I am still in a whirl emotionally after our three week stay in the Western Cape. The nature was truly fabulous and was what we sought out most. That aspect of the trip was a great success. The culture of the area around Cape Town and Stellenbosch is perhaps not typical of the whole country. Stellenbosch, where we were based, is an old Dutch style settlement dominated by its university, tourism and wine estates. Its picturesque and comfortably familiar for a European visitor and that in itself was very odd. This is Africa, there are settlements all around Stellenbosch or what the locals call ‘the village,’ the houses are often pretty fortresses with electric fences and big dogs. Armed response security vans tour the middle class estates and everywhere are warning signs about the alarms. This comfortable whitewashed prettiness feels like a place under siege and that is very unsettling. Continue reading
South Africa is not all the same. The Cape is very different to the area around Jo-Burg. It’s all in the seeing I guess. Many people from our parts hated their visit to Jo-Burg, too shocking and too massive and without the compensation of wonderful scenery, cool sea breeze and Penguins and the Cape Wineries.
This watering hole in the Addo reserve is a case in point. Nothing here, right? Continue reading
Images crowd one upon another. A vivid mind film replayed before sleep every night. The ones that stick are not always the big screen panoramic vistas.
A tortoise under a bush,
a group of resting penguins and their smell,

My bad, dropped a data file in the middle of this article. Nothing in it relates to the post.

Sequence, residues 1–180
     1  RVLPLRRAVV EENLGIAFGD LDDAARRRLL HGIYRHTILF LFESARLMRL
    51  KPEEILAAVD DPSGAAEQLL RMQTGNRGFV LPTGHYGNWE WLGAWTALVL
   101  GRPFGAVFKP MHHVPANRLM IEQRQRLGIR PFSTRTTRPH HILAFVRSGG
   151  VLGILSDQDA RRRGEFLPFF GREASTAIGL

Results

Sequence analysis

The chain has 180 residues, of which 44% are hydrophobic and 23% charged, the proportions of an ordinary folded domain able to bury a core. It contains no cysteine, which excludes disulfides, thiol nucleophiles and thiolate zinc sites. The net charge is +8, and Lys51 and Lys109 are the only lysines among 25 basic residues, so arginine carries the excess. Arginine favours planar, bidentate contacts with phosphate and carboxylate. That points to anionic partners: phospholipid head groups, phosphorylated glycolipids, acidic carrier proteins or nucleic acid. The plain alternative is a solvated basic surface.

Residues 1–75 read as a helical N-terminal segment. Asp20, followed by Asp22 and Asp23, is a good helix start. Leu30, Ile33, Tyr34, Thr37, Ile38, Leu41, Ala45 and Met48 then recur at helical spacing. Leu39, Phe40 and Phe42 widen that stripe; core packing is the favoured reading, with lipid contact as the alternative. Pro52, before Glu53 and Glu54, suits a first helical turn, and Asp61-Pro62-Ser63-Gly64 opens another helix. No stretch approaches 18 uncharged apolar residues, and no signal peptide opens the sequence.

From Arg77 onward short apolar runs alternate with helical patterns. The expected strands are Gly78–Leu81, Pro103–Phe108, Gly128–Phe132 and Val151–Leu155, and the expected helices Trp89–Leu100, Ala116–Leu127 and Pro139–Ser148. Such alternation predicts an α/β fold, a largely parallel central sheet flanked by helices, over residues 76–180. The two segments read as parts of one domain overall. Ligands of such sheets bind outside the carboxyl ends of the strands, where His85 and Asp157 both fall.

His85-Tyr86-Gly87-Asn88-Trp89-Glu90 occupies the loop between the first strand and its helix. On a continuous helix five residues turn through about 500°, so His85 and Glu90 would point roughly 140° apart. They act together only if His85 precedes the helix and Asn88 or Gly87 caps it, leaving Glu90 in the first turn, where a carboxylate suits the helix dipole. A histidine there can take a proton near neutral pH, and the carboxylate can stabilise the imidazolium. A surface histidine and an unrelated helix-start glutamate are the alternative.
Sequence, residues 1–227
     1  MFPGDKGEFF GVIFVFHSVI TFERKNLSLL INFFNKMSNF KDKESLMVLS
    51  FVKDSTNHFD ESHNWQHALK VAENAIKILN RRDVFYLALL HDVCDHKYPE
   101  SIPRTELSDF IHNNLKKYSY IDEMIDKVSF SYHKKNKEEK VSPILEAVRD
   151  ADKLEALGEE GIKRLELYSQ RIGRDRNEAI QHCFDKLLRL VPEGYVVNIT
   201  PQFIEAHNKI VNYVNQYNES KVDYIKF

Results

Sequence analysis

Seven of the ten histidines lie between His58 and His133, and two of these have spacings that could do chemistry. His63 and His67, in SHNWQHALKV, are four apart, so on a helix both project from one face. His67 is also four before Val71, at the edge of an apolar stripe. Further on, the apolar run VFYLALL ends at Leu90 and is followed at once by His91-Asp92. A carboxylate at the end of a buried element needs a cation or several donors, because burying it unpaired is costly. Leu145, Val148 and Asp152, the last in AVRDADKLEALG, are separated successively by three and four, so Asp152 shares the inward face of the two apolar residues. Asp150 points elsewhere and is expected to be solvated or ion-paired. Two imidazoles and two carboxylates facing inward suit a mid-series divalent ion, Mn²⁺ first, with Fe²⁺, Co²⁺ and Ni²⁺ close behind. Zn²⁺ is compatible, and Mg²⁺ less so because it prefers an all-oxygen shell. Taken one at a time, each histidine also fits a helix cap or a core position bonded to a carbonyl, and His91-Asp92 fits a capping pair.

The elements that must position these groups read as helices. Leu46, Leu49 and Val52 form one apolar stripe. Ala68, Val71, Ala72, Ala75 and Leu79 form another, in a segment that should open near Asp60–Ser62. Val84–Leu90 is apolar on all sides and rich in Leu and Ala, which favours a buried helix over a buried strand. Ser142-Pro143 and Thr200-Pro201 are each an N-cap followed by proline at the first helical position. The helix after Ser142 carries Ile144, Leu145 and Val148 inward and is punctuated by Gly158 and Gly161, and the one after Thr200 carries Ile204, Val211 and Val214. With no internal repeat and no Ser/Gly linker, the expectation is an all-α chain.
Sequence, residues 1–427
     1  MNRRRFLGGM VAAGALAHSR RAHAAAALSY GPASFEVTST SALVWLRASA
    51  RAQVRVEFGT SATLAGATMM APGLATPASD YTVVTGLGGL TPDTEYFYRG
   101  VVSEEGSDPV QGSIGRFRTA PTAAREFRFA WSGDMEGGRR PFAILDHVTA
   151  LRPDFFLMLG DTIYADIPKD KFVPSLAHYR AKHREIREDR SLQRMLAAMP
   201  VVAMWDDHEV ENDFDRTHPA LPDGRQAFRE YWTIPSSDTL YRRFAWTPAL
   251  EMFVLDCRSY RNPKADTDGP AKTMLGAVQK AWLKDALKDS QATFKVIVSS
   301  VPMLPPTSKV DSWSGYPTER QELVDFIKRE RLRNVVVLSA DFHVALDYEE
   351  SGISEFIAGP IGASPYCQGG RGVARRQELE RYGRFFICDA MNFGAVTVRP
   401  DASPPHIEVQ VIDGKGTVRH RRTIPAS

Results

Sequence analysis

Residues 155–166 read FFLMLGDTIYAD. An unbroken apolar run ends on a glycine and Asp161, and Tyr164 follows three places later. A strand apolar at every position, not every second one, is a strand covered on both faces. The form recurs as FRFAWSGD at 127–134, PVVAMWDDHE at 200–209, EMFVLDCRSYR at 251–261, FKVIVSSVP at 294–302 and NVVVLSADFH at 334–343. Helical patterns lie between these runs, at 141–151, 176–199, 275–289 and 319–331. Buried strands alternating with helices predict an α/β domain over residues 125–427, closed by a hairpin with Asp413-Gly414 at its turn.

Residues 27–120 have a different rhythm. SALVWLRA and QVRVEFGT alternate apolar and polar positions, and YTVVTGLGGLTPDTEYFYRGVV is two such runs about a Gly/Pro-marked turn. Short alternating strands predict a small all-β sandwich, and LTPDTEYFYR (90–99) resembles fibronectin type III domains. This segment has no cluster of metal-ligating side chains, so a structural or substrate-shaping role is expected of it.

the fierce intelligence and menace of a pair of baboons at the roadside.
A sandy track leading back in time to the first settlements and farms. The scale and majesty of the place.
The diversity of people and the beauty of faces in a city filled with excitement and potential. Energy and drive and dignity, even in the new shanty settlements so shocking to our comfortable eyes. The satellite TV dishes on the little cardboard and tin and ticky-tacky self built houses shouting of priorities we find odd but are they?
It goes on and the images pile up making a visit with years worth of replays and sifting.
South Africa is both familiar and at the same time intensely exotic to anyone educated in a British school of the fifties and sixties, as I was. We were taught more of the British colonial adventure in that far away land than we are about the history of the land we were intimately connected to – Ireland.
Being here now, has been exciting, profoundly thrilling and horrific too. This nation is in flux and there are still vast problems to solve before Nelson Mandela’s dream of ‘the Rainbow Nation’ is made real. However I will not dwell on that since I’ve been here only a week and can’t pretend to understand the cultural complexities faced by our overwhelmingly generous hosts. Continue reading